The right to marry was challenged in Maryland where lawmakers in 1664 sought not to prohibit but to punish British or other freeborn women who married enslaved men of African descent. It is worth noting that there was a significant gender imbalance, roughly 10 men for every woman and it was not uncommon for a British woman to selected an African man as a spouse. The Maryland law did not deter such marriages but had the opposite result.

 

Tensions in the colonies of Maryland and Virginia grew in the mid-1600s when the ready supply of laborers coming from England stopped while the demand for laborers by large landholders growing tobacco continued. Landholders turned their sights to Africa to fill the labor supply shortage. Enslaved African people were disgruntled laborers by virtue of enslavement but European laborers were increasingly frustrated. Harsh punishment began to be imposed for minor infractions often adding many years to one’s term of service. Tobacco prices fell and taxes increased. Even if a laborer survived the term of indenture, there was little farmable land because the king gave most of it to friends. Even if one could farm land it was virtually impossible to complete with large landholders who had a largely unpaid or certainly highly underpaid labor force.

 

These stresses found a voice and specific targets for their aim through the leadership of Nathaniel Bacon who lead a rebellion. The rebellion was enormous uniting laborers across nationalities, indentured, enslaved, and free and engulfed Virginia for more than a year and was ultimately quashed when England shipped troops to the colony. Bacon’s Rebellion made a significant impression upon the ruling elite having posed a threat to the version of capitalism they were fostering, one dependent upon unpaid and underpaid labor. In letters to the legal oversight authority in England, the ruling elite communicated the intent to deploy a divide and conquer strategy to ensure that such a rebellion would never arise again.

 

Recalling that laborers and free persons of African descent and of English descent faced the same rights and opportunities as a matter of law, this social structure would be radically altered transforming colonial society. It is only after Bacon’s Rebellion and following the express intent to divide and conquer that we see the use of the term “white people” in law. The first law appeared in 1681 in Maryland. Colonial lawmakers amended the law punishing British and other freeborn women who married enslaved African men by imposing punishment upon the person who performed the marriage and any landholder who may have encouraged it. It is in this amendment to the law of 1664 that the first appearance of “white” to reference a group of people is found.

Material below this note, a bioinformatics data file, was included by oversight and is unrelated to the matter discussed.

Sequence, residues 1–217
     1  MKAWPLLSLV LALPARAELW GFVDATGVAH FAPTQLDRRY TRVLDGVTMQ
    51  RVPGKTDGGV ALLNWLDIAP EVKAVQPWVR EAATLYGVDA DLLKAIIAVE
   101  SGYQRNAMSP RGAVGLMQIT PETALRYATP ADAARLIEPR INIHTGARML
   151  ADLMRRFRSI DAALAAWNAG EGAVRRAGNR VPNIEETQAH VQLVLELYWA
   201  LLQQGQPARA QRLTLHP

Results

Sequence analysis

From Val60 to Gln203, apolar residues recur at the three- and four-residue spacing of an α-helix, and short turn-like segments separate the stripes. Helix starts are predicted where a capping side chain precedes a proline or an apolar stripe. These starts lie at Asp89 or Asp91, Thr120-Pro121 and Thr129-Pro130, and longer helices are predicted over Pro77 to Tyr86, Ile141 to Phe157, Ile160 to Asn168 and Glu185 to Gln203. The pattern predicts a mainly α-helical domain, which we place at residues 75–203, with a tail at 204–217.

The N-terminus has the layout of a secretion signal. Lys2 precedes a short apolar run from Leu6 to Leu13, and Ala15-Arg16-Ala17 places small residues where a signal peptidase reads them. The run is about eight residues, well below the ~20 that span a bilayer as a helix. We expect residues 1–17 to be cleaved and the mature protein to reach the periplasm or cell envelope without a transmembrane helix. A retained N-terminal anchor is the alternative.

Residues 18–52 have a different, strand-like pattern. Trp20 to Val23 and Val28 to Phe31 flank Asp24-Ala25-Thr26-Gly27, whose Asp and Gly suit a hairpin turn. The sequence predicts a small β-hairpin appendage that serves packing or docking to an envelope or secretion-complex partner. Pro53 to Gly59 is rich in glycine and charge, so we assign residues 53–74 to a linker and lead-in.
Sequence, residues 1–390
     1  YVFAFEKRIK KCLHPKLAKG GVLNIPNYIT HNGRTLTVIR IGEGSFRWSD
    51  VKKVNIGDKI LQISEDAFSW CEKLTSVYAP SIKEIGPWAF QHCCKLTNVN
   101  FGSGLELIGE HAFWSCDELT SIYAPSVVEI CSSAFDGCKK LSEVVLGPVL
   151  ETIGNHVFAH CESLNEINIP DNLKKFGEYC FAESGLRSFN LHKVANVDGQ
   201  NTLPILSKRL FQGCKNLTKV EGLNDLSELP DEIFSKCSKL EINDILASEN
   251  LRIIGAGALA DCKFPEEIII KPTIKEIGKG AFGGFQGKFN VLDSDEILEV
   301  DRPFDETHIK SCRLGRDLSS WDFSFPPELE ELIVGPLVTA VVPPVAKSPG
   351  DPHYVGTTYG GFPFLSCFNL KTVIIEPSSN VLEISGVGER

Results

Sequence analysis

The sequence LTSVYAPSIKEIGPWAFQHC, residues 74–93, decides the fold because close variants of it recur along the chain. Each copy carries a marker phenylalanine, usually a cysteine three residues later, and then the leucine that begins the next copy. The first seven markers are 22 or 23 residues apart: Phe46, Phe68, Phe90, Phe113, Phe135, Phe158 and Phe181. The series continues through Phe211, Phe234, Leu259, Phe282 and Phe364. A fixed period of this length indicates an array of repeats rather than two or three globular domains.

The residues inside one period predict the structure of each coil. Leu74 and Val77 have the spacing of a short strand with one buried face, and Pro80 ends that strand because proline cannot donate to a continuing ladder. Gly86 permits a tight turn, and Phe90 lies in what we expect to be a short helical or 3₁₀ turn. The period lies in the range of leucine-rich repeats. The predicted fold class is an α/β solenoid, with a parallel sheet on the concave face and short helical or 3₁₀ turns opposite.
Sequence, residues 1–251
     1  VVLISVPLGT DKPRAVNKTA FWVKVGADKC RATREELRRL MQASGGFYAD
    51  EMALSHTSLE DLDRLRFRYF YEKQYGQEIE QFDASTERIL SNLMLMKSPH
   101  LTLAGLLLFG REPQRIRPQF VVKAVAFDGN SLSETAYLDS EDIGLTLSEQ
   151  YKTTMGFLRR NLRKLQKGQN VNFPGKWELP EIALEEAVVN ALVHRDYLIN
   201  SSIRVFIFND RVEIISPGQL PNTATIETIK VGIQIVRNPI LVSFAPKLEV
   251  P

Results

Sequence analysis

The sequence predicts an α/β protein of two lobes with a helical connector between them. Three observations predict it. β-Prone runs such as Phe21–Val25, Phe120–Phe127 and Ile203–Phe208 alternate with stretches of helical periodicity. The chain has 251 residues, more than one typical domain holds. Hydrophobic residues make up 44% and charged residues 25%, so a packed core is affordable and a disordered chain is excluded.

It was followed by a slew of laws in Virginia that imposed the category, worked to give it clear meaning, and simultaneously transformed colonial society. These laws created an entirely new bottom to society and tossed people of African descent and members of Native Tribes down in it. The laws prohibited free persons of African descent from being in possession of a weapon, prohibited persons of African descent from testifying against whites, prohibited whites from marrying persons of African descent and members of Native Tribes, among many, many others.

 

The laws did little to advance the material wealth of the group of people called white laborers but it gave them authority to rule over those excluded from whiteness and the power to treat them however badly they wished without threat of prosecution. The laws also worked to create a link between the white laborers and the ruling elite through a shared labeled called white imbued with the presumption of superiority relative to nonwhites.

 

The invented human category called white people served many purposes: it divided laborers from each other; located patriarchal power among white men; connected white laborers to the ruling elite via supremacy; disempowered and degraded nonwhites; and began the deep damage to people’s humanity whites and nonwhites.